boldly b.e.e.: case study
This case study was conducted during an AIGA SPU event called Branded. This 12 hour long collaboration hosted at Seattle Pacific University's Art Center brought groups of 3-4 design students together along with teams from the Business School to create a brand for each business proposal. The goal of this event was to cultivate the real world experience of working with a client and on a team of designers. As one of the two illustrators on this team of designers, it was interesting working with them and seeing how our different skillsets could be used to support each other and come to a better solution.
Boldly B.E.E. is a company focused on the empowerment of formerly incarcerated young women ages 16 - 21, "Queen Bees," through employment that inspires participation in environmental sustainability. The program provides ample training opportunities for bee keeping, practical job skills, and community integration through our 12-18 month part-time employment program.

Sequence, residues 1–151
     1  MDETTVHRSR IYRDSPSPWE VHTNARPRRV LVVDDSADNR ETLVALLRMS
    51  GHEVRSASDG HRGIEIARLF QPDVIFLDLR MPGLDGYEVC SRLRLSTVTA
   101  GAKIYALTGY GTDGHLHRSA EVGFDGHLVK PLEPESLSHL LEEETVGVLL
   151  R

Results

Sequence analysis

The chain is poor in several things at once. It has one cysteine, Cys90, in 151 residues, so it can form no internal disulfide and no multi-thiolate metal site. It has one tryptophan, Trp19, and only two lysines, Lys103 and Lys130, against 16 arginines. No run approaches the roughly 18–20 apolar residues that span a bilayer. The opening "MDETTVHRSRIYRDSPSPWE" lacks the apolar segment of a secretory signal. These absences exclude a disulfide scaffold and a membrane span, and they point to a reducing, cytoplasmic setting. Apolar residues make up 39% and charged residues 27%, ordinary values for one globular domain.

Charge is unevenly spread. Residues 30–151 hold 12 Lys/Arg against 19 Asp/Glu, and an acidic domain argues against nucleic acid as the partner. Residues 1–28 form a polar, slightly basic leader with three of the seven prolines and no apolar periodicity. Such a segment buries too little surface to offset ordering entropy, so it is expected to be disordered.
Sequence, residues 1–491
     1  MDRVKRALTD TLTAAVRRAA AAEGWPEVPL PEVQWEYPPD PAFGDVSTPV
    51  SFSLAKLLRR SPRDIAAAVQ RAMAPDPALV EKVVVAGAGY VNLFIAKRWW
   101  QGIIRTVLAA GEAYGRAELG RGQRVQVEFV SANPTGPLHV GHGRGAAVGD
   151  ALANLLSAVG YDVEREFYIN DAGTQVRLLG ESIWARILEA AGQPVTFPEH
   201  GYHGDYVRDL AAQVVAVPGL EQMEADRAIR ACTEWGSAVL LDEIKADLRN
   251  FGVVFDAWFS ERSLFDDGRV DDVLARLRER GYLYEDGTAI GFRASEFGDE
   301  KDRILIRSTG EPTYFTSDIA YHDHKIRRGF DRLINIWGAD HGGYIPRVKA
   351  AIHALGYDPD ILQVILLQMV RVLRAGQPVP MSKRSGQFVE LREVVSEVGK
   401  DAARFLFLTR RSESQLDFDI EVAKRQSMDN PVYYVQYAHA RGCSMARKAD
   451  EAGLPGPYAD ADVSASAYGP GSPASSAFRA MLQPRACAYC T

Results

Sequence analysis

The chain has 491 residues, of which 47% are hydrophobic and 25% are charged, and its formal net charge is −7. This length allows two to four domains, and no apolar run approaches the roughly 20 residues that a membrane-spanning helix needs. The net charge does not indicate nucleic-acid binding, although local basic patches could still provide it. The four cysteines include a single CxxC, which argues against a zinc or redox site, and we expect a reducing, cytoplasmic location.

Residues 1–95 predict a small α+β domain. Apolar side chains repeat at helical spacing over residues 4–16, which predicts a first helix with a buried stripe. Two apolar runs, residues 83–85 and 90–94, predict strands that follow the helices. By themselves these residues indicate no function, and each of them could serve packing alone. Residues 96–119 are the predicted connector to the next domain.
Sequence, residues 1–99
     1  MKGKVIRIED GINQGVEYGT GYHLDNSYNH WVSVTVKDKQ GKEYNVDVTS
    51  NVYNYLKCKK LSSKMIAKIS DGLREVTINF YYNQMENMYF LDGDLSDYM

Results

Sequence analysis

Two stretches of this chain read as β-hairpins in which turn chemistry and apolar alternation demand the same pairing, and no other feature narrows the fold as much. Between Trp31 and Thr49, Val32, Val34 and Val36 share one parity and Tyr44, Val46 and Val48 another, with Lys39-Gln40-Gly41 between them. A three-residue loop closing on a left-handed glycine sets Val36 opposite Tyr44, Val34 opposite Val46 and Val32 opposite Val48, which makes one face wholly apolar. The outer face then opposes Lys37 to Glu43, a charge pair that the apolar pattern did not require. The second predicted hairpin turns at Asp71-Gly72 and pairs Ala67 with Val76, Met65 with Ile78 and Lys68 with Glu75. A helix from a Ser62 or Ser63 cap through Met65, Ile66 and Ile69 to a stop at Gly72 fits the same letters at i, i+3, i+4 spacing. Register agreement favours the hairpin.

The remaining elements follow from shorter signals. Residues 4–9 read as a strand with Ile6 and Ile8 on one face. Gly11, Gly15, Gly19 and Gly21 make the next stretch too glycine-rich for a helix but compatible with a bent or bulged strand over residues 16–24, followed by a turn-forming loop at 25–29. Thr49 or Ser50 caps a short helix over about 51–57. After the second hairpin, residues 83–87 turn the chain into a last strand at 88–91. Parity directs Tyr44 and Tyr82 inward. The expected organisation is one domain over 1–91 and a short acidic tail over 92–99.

Be involved in a supportive community where you can learn and grow your employment capacities while exploring your interests and participating in apitherapy.
For this project, we started with getting a sense of the company, the mood they were trying to convey with their brand as well as their overall goal for creating the business itself.
After bringing together a list of possible assets, we got to work on designing the logo.
The biggest challenge for this logo was figuring out how to represent bees, honey, and the company itself without falling into the plethora of bees and hexagons that already make up a wide range of logos.
Together, we worked to stretch and align the shapes in a way that was new and invigorating, utilizing diagonals and negative space to create an overall look that was the epitome of a queen bee.
After nailing down the logo, we got started on utilizing the brand for assets such as packaging, labels, and other visuals where the face of the brand would be expected.
The final logo was something that we were all proud of and more importantly, something the business students felt truly represented who they were as a company.